To Determine the Bacteriological Profile and Antibiotic Sensitivity Pattern of the Isolates Causing Ventilator Associated Pneumonia in ICU Patients
Background: Ventilator associated pneumonia (VAP) is a type of nosocomial pneumonia occurring in patients who are mechanically ventilated for more than 48 hours. VAP is the most common nosocomial infection occurring in the intensive care units and its incidence varies from 8% to 28%.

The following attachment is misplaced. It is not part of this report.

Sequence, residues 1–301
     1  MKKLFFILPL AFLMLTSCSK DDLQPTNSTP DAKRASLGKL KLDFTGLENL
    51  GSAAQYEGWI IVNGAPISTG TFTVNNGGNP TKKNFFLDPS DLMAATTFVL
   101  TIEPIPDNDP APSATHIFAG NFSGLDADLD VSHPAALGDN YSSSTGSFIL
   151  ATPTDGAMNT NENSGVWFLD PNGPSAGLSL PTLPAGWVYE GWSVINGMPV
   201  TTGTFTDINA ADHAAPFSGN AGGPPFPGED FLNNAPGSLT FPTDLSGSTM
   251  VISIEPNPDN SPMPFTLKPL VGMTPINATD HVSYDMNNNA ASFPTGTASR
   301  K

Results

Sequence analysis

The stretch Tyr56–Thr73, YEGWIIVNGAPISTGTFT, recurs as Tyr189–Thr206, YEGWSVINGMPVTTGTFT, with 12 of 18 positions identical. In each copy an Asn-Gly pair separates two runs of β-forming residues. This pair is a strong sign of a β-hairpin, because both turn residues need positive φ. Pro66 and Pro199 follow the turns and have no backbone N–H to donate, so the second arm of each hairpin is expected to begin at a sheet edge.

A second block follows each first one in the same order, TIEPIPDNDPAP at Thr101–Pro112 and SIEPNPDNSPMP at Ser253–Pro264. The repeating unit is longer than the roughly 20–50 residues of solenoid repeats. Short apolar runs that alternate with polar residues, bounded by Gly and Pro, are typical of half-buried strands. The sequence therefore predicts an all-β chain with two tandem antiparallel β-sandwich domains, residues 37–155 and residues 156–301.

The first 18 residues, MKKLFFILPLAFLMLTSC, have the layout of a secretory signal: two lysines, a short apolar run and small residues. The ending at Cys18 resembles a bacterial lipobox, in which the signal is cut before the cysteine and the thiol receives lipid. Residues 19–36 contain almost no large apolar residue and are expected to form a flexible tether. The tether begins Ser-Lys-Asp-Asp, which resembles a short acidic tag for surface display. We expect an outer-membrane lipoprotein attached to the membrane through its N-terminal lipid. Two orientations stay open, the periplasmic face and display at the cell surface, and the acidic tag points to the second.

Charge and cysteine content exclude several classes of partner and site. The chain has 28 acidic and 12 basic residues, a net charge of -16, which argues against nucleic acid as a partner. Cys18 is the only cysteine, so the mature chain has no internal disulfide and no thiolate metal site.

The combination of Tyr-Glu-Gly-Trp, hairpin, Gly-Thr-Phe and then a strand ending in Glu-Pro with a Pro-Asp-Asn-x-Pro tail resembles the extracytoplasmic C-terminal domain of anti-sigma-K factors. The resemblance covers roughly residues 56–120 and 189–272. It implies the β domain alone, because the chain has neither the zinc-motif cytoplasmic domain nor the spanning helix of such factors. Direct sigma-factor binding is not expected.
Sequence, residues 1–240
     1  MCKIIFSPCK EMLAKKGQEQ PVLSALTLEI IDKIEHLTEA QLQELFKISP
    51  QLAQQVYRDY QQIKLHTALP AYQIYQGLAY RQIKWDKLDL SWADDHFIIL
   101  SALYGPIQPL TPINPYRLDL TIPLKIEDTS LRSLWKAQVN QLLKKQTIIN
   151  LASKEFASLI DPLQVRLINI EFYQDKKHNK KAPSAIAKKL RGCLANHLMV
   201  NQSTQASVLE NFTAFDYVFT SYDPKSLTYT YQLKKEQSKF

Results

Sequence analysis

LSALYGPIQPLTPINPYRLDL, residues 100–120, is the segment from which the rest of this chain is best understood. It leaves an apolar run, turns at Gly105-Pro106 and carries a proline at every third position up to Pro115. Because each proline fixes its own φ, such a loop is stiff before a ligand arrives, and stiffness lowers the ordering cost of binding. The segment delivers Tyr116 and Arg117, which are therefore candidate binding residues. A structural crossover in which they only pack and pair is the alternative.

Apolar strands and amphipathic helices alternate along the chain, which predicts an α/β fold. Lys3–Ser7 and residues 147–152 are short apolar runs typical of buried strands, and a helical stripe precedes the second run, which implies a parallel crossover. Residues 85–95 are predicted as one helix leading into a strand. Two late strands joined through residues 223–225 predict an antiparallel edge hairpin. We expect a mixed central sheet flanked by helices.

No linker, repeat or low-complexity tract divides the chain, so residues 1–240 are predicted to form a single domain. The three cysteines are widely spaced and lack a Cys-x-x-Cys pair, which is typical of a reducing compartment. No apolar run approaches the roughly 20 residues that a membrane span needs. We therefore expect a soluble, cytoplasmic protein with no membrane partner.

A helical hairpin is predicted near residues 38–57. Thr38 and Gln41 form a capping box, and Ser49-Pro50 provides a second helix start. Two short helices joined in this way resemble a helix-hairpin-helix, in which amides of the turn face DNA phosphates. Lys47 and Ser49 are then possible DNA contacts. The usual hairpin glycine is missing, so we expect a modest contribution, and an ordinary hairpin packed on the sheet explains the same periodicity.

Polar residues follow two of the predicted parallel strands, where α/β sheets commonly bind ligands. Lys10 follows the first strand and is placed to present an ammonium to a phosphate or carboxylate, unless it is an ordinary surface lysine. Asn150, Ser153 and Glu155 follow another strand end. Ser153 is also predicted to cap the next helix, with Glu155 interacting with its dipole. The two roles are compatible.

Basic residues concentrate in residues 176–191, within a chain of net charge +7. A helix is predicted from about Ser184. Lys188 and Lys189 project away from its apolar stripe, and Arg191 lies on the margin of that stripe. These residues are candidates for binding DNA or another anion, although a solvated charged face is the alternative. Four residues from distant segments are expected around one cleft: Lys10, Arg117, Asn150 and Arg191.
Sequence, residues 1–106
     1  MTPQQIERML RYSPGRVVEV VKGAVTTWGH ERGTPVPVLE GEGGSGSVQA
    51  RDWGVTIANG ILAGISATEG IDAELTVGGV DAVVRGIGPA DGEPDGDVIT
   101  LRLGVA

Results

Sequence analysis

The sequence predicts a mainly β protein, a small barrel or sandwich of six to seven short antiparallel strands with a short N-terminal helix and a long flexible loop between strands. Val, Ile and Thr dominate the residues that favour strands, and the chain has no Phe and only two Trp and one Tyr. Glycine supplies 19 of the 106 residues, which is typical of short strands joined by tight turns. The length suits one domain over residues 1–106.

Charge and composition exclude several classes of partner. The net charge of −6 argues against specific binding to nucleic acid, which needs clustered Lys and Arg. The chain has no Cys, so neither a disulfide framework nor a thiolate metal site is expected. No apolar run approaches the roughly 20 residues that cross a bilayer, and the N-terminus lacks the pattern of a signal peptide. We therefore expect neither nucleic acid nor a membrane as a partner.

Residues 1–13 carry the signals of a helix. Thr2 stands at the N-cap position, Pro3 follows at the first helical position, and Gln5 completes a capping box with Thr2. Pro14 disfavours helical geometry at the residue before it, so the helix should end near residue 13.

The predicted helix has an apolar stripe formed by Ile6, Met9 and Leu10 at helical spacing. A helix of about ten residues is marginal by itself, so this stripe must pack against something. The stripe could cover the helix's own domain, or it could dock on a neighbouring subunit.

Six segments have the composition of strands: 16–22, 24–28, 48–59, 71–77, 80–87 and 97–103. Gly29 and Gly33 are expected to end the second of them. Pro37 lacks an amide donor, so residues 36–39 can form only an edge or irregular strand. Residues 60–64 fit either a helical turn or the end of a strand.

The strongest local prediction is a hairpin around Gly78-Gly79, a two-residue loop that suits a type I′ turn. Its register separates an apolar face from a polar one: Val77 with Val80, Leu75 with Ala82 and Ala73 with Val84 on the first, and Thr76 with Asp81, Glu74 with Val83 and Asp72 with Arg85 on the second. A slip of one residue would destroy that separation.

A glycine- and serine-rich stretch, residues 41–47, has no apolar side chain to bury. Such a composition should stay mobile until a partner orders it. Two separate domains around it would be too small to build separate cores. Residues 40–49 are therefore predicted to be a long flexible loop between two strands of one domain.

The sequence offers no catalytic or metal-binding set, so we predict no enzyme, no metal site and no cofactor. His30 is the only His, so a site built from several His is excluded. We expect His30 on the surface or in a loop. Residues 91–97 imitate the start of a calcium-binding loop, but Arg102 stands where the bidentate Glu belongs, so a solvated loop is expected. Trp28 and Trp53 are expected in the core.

AIMS & OBJECTIVES- This study was done to determine the bacteriological profile and antibiotic sensitivity pattern of the isolates obtained from the endotracheal aspirates of the clinically suspected patients of VAP in ICU. Materials & Methods: Ventilator associated pneumonia (VAP) is a type of nosocomial pneumonia occurring in patients who are mechanically ventilated for more than 48 hours. VAP is the most common nosocomial infection occurring in the intensive care units and its incidence varies from 8% to 28%. AIMS & OBJECTIVES- This study was done to determine the bacteriological profile and antibiotic sensitivity pattern of the isolates obtained from the endotracheal aspirates of the clinically suspected patients of VAP in ICU. Results: Out of 110 patients included in the study, only 85 patients were diagnosed as VAP patients based on clinical and microbiological criteria. Pseudomonas aeruginosa (35.55%) was the most common gram-negative isolate obtained in VAP cases followed by Escherichia coli (27.77%) and Acinetobacter baumanni (16.66%). Among Gram positive bacteria, Staphylococcus aureus 40 (80%) was the most common isolate. The most active antibiotic against the gram-negative isolates was imipenem (82.2%), followed by piperacillin-tazobactum (77.7%) and amikacin (63.3%). All the Gram-positive isolates were susceptible to vancomycin and linezolid. Conclusion: Due to the increasing incidence of multi drug resistant pathogens in ICU, early and correct diagnosis of VAP is an important challenge for critical care physicians. Hence, knowing the bacteriological profile causing VAP and their routine antibiotic susceptibility pattern can improve the patient’s clinical outcome.
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